וְלֵיחוּשׁ דְּדִלְמָא לָאו בִּיכּוּרִים נִינְהוּ וְקָא מְעַיֵּיל חוּלִּין לָעֲזָרָה דְּמַקְדֵּישׁ לְהוּ וְהָא בָּעֵי מֵיכְלִינְהוּ דְּפָרֵיק לְהוּ וְדִלְמָא לָאו בִּכּוּרִים נִינְהוּ וְקָא מַפְקַע לְהוּ מִתְּרוּמָה וּמַעֲשֵׂר דְּמַפְרֵישׁ לְהוּ The Gemara asks: But let us be concerned that perhaps these fruits are not first fruits, and he is bringing non-sacred fruit to the Temple courtyard, which is prohibited. The Gemara answers: The case is where he consecrates them. The Gemara asks: But the priest is required to eat first fruits, and he cannot do so if they are consecrated. The Gemara answers: The case is where the priest redeems them. The Gemara asks: But perhaps they are not first fruits, and thereby he removes them from the obligation of teruma and tithes, as one does not separate teruma and tithes from first fruits. The Gemara answers: The case is where he separates teruma and tithes from the fruits, due to the uncertainty over their status.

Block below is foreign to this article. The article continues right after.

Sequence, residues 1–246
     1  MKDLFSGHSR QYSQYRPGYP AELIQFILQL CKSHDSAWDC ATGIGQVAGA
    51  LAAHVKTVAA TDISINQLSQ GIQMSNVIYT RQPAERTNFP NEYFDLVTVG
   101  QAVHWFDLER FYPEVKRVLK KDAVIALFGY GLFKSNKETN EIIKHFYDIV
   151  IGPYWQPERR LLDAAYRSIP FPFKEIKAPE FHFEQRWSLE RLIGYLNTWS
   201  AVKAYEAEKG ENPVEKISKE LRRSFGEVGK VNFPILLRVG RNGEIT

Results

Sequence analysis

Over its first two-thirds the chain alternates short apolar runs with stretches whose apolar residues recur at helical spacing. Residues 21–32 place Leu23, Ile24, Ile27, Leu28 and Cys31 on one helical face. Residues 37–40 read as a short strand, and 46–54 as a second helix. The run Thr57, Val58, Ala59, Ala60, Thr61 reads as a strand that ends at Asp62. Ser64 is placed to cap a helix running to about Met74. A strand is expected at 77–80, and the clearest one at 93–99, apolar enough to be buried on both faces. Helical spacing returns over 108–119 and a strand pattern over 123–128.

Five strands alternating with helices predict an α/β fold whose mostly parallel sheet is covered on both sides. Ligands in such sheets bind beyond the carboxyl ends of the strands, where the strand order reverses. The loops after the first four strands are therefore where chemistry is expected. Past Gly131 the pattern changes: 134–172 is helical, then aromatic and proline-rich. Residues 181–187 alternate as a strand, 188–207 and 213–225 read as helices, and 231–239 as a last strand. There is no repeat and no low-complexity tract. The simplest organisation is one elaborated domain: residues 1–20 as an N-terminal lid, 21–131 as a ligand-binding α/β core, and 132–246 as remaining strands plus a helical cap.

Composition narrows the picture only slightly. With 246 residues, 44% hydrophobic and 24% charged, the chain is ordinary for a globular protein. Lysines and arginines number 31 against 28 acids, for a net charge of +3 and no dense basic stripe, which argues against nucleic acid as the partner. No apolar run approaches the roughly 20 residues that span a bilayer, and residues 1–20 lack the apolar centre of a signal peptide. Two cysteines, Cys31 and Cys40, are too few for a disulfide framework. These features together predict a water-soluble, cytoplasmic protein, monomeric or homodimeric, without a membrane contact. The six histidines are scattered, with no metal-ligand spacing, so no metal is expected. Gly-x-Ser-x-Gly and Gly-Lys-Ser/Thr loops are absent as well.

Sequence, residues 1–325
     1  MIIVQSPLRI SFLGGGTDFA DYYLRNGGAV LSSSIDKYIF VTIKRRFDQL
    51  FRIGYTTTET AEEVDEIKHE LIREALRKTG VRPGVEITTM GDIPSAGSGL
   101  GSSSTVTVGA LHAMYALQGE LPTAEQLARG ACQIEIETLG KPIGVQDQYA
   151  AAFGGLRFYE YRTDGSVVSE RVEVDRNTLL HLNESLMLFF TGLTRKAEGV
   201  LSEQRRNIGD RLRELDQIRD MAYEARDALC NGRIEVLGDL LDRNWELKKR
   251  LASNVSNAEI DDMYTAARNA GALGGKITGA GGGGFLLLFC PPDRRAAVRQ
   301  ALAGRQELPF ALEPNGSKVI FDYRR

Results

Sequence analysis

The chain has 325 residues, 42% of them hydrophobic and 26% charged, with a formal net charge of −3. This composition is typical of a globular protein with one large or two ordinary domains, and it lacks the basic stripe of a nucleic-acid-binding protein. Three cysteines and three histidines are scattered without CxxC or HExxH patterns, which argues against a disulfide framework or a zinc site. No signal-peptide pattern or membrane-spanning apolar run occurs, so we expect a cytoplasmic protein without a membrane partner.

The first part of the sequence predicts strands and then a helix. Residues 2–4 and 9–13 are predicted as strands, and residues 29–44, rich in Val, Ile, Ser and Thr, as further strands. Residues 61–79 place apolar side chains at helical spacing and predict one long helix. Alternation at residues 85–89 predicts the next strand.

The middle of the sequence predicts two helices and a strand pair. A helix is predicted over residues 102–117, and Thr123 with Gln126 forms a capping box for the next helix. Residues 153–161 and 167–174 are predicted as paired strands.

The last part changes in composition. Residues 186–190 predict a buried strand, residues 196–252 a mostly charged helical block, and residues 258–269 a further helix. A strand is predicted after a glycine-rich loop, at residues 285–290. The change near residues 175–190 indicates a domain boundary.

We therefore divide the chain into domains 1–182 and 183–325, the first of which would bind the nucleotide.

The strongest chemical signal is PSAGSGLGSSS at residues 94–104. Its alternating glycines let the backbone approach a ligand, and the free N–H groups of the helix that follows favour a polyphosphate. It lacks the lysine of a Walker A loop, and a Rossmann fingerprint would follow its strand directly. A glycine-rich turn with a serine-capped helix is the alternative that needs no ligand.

בִּשְׁלָמָא תְּרוּמָה גְּדוֹלָה יָהֵיב לַהּ לְכֹהֵן מַעֲשֵׂר שֵׁנִי נָמֵי יָהֵיב לֵיהּ לְכֹהֵן מַעְשַׂר עָנִי נָמֵי יָהֵיב לֵיהּ לְכֹהֵן עָנִי אֶלָּא מַעֲשֵׂר רִאשׁוֹן דְּלֵוִי הוּא לְמַאן יָהֵיב לֵיהּ The Gemara asks: Granted, the teruma gedola that he separates from these fruits he gives to a priest, and the priest may partake of it, as it has the halakhic status of either first fruits or teruma gedola, both of which are eaten by a priest. It is understood with regard to the second tithe as well; he gives it to a priest, who eats it in Jerusalem, either as first fruits or as second tithe. If it is the third or the sixth year of the Sabbatical cycle, when instead of second tithe one is obligated to give the poor man’s tithe, here too, he gives it to a poor priest, who eats it as either first fruits or poor man’s tithe. But with regard to first tithe, which is given to a Levite, to whom can he give it? A Levite may not eat first fruits.